Don’t Minchin it

The Australian’s Margin Call column has an amusing comment on the privatisation of Telstra. The policy is rather like Voluntary Student Unionism in that it’s been pushed for so long that no-one in the government can abandon it, even though it no longer has any obvious rationale.

The fact that selling Telstra will make the public worse off in fiscal terms has finally sunk in and I suspect that Nick Minchin and the Finance Department (once the leading agency pushing a sale) would be happy enough to drop the entire idea.


Judging by his response to this post, Andrew Bolt hasn’t read Swift lately. [1]

Actually, Bolt’s article reads as if he didn’t look at the post at all, but reprinted something he found at Tim Blair’s or some similarly irony-challenged site, without going to the original source to check his quotes. Since that would be a violation of journalistic ethics, let’s charitably assume that the phrase “a modest proposal” didn’t ring any bells with him.
Read More »

Global liquidity

My column in yesterday’s Fin (over the fold) was about the idea, being argued by The Economist that the low interest rates currently prevailing are the product of monetary expansion rather than a real ‘savings glut’. Today’s Economist puts the point even more bluntly, arguing that capital markets are acting as a barrier to adjustment. It’s certainly striking when a voice of orthodoxy like The Economist reaches the conclusion that financial markets aren’t doing their supposed job.
Read More »


Like about a hundred thousand other Brisvegans, my son and I spent the day at the Ekka[1]. A good time was had by all. The great thing about going to the show is that it never changes: laughing clowns, dodgems, fairy floss, show bags and woodchopping are just as they were in the shows I went to as a child. The Ekka has one extra event we’ve added to our list – the Silver Spike tracklaying contest held by QR. And this year they had a human cannonball. It’s a wonderful way to spend a public holiday.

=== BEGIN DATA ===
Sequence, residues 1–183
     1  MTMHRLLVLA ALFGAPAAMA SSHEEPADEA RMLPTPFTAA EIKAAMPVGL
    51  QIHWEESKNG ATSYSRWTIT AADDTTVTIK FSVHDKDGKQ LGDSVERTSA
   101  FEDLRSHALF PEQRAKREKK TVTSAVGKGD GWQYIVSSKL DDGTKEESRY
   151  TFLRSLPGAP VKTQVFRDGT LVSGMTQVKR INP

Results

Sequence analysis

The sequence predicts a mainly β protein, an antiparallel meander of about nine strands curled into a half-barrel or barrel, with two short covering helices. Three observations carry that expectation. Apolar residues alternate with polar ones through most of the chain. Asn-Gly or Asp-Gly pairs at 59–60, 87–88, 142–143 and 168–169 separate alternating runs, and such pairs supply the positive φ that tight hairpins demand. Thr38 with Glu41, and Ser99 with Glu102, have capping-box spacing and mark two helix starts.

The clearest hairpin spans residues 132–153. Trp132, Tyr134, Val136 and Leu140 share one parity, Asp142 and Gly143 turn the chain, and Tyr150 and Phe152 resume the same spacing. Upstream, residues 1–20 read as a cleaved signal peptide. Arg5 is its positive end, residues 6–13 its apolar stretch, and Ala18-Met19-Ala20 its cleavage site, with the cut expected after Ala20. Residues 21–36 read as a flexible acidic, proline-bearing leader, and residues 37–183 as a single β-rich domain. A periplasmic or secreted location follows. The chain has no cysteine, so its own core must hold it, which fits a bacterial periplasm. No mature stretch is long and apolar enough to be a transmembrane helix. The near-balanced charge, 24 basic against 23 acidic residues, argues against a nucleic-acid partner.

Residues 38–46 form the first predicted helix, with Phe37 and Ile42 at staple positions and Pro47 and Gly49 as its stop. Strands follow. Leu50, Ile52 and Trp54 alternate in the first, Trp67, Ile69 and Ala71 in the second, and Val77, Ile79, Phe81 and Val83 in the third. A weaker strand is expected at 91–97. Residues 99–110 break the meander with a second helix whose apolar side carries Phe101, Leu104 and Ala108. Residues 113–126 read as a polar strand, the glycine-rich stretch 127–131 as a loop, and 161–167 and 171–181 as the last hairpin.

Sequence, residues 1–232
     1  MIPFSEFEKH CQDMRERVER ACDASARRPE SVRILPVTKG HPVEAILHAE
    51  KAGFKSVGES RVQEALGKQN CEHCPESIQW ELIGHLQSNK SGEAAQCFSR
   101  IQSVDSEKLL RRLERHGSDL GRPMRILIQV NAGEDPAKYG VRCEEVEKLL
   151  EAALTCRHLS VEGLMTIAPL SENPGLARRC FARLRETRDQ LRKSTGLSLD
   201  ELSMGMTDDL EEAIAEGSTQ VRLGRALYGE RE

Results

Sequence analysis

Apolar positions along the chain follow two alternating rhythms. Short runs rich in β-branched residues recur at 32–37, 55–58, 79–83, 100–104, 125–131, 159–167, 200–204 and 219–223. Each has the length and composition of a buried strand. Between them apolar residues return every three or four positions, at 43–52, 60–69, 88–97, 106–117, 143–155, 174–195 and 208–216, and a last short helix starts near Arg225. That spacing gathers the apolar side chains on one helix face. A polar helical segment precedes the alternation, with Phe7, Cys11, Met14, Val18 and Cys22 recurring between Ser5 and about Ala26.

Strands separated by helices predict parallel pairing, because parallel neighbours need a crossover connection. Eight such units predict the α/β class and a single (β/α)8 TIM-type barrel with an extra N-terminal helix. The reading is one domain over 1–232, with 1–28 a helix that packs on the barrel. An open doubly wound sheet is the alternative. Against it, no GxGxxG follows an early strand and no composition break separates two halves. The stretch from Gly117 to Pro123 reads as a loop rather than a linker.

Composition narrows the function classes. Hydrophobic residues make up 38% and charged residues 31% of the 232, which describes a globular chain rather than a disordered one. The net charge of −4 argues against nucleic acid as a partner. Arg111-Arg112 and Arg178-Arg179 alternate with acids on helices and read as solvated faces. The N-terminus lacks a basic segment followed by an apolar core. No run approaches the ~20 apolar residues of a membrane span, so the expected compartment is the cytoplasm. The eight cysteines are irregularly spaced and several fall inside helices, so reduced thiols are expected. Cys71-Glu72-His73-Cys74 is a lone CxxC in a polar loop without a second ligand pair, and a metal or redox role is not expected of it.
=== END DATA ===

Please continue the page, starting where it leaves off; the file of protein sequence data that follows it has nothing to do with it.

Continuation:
fn1. Short for Exhibition, our annual show.

Climate change modellers vindicated

Via Jennifer Marohasy, I found a report on three articles in Science Express that put the closing seal on the most significant issue in the debate about the reality of human-caused climate change: the disagreement between climate models and data from satellites and radiosonde balloons. Now as Real Climate observes “the discrepancy has been mostly resolved – in favour of the models.”

There aren’t many scientifically literate sceptics (that is, people open to being persuaded by evidence, but not yet convinced) left on the global warming issue, and this evidence, along with the continued warming being observed at all levels, should convince most of those who remain. There’s a bit more history over the fold.
Read More »

A modest proposal

Britain, France and Germany are busy trying to persuade Iran to abandon efforts to develop nuclear weapons, so far with little success. Cajolery and bribery having tried and failed, how about a bit of leadership by example? Two of the three parties in this effort have nuclear weapons of their own, even though they don’t face any conceivable threat of invasion[1]. Perhaps if they agreed to disarm themselves, the Iranians would be impressed enough to follow suit.

OK, I’m joking about Chirac and France. There’s no way that France is ready to admit that it is no longer a Great Power, and certainly Chirac is not the man to start the process. But, why shouldn’t Blair do something like this? It’s a perfect example of the non-ideological willingness to embrace radical alternatives to established dogma that New Labour is supposed to symbolise.

Of course, nuclear disarmament was the subject of bitter dispute within Labour in the 1980s, and disarmaming now would seem to hand a retrospective win to the left. But, if you buy the standard rightwing line on this subject, the nuclear deterrent did its work the day the Soviet Union collapsed, unable to sustain the arms race. Why hang on to it now? The answer, as far as I can see, is the same as for France. With the bomb, Britain is still one of the Big Five. Without it, Britain stands in much the same position as Italy or (a more populous version of) Australia.

As long as France and Britain sustain, by example, the view that having nuclear weapons is critical to being a Great Power, governments everywhere will seek them, whether or not they actually provide any security.

fn1. Like everyone else, the British and French face the threat that some lunatic in Russia will start firing missiles, or that al Qaeda will get its hands on nuclear weapons. But the logic of deterrence doesn’t apply in these cases, so having nuclear weapons of your own is no safeguard against them.